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Lake Leota project reflects successes as well as problems

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GINA R. HEINE
November 2, 2009
— The dredging and refilling of Lake Leota was only the start for improving Lake Leota Park and its recreation options, officials said.
Landscaping design

The city is working with John Gishnock of Formecology on a landscaping design on the shoreline, thanks to grant money from the Antes Fund, a component of the Evansville Fund.


While nothing is firm yet, park board chair Janis Ringhand said the shoreline restoration and beautification likely will include habitat for wildlife, fish habitat and possible fishing ledges such as limestone paths.


The city is receiving $4,670 annually from the Antes Fund for improvement and beautification in Lake Leota Park. The park board just found out about the grant this summer and decided to spend about $2,000 on the landscaping design and $1,000 for a planted "showcase plot," Ringhand said. The planting likely will wait until spring.


"We knew we wanted to do the landscaping along the lakeshore and thought that was a very good place to start," she said.


Weather affects business

This summer's cool weather didn't help attract customers at the new boat rental business, resulting in the owner owing the city back rent, City Administrator Dan Wietecha said.


Robert Tierney of R&A Canoeing owes the city $225 in rent, Wietecha said, though the city has a $100 security deposit.


The Gazette could not reach Tierney for comment.


The city's contract with R&A Canoeing was only for the past summer, so officials are hopeful they can find someone—whether it's Tierney with a better plan or someone else—to provide recreation next year.


"I'm optimistic that something can happen there next year and in the future. I do know he had a tough time of it," Wietecha said.


Tierney presented his plan to the park board and city officials in spring. Officials at the time said it looked like a good business plan, and everyone was encouraged and enthusiastic about it.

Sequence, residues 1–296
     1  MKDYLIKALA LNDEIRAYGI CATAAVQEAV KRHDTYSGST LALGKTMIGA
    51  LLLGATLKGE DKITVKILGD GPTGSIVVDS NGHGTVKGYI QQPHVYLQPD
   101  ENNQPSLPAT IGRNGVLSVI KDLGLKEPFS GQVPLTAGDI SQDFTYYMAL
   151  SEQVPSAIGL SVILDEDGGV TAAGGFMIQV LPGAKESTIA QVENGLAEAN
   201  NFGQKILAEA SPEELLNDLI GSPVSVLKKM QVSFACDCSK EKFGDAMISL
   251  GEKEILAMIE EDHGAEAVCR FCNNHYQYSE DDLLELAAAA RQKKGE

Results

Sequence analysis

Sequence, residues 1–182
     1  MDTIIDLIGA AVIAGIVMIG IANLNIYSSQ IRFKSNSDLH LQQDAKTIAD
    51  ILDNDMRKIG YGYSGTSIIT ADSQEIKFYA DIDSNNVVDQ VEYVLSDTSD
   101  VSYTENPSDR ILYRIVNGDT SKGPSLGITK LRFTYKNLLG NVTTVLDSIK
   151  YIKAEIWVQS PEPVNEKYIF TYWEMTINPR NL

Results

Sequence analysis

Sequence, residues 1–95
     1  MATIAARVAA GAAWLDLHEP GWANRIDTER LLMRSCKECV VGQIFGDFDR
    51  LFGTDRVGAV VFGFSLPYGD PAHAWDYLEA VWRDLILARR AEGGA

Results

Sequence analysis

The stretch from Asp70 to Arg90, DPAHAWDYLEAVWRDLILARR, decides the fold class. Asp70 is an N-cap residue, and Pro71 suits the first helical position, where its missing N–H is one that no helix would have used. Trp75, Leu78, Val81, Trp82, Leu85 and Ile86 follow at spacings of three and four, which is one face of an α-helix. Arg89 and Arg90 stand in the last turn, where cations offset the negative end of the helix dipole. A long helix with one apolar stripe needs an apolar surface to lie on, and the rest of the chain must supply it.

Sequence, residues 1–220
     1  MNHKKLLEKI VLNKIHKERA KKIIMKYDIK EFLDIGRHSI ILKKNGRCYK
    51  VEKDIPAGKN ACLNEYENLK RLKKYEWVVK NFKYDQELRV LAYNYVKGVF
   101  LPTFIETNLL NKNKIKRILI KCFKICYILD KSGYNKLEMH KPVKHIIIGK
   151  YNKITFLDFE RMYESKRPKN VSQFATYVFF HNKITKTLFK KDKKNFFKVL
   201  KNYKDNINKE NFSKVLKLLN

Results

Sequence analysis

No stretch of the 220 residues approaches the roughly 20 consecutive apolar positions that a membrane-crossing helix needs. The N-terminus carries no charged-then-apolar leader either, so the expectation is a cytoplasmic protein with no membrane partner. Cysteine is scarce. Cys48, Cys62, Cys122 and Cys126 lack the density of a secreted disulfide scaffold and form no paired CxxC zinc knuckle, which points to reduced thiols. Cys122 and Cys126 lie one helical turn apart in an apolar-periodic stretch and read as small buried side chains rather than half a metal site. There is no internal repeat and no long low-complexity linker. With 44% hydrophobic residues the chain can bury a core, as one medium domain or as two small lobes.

"Any new business is hard to get off the ground, and the summer was not very weather friendly," Ringhand said.


Fish stocking

The start of Save Our Lake Environment's three-year fish stocking program is off to a good start, Ringhand said.


The early stocking of the minnows "appeared to be very lucrative," she joked.


They bred on schedule, producing a lot of food for the pan fish that arrived later in the summer, she said.


There appears to be a good supply of minnows to provide food for the fish over the winter.


More pan fish will be added in fall 2010 with bass and walleye coming in fall 2011.


SOLE is paying for and running the stocking effort.


Swimming

The city plans to place signs around the lake announcing no lifeguard is on duty in the lake or creek and that people swim at their own risk, Ringhand said.


"We're assured that we are not held liable if someone has an accident in the lake," she said.


The city is not encouraging swimming in the lake, but "you can't really stop it," she said.


Kids loved playing and fishing in the knee-deep creek, she observed.



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